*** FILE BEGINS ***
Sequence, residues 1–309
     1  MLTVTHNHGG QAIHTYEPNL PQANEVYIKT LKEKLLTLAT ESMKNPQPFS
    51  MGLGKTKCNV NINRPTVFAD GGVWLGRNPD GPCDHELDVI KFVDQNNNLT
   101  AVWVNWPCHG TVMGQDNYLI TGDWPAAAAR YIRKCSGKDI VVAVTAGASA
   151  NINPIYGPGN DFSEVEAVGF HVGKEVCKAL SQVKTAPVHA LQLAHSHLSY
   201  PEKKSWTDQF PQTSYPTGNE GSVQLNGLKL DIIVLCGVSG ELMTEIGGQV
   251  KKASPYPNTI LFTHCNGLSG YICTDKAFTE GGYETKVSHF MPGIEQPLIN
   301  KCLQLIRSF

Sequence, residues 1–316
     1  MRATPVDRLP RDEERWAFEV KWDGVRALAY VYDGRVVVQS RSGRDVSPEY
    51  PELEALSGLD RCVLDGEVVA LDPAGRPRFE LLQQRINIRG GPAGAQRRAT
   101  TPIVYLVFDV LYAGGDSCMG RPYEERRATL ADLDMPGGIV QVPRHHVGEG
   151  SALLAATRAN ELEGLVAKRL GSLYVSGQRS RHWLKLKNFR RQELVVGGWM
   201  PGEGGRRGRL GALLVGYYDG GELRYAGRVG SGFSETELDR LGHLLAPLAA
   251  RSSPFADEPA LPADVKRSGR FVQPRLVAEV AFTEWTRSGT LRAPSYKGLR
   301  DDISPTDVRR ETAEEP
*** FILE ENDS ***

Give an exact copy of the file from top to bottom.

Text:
Sequence, residues 1–309
     1  MLTVTHNHGG QAIHTYEPNL PQANEVYIKT LKEKLLTLAT ESMKNPQPFS
    51  MGLGKTKCNV NINRPTVFAD GGVWLGRNPD GPCDHELDVI KFVDQNNNLT
   101  AVWVNWPCHG TVMGQDNYLI TGDWPAAAAR YIRKCSGKDI VVAVTAGASA
   151  NINPIYGPGN DFSEVEAVGF HVGKEVCKAL SQVKTAPVHA LQLAHSHLSY
   201  PEKKSWTDQF PQTSYPTGNE GSVQLNGLKL DIIVLCGVSG ELMTEIGGQV
   251  KKASPYPNTI LFTHCNGLSG YICTDKAFTE GGYETKVSHF MPGIEQPLIN
   301  KCLQLIRSF

Sequence, residues 1–316
     1  MRATPVDRLP RDEERWAFEV KWDGVRALAY VYDGRVVVQS RSGRDVSPEY
    51  PELEALSGLD RCVLDGEVVA LDPAGRPRFE LLQQRINIRG GPAGAQRRAT
   101  TPIVYLVFDV LYAGGDSCMG RPYEERRATL ADLDMPGGIV QVPRHHVGEG
   151  SALLAATRAN ELEGLVAKRL GSLYVSGQRS RHWLKLKNFR RQELVVGGWM
   201  PGEGGRRGRL GALLVGYYDG GELRYAGRVG SGFSETELDR LGHLLAPLAA
   251  RSSPFADEPA LPADVKRSGR FVQPRLVAEV AFTEWTRSGT LRAPSYKGLR
   301  DDISPTDVRR ETAEEP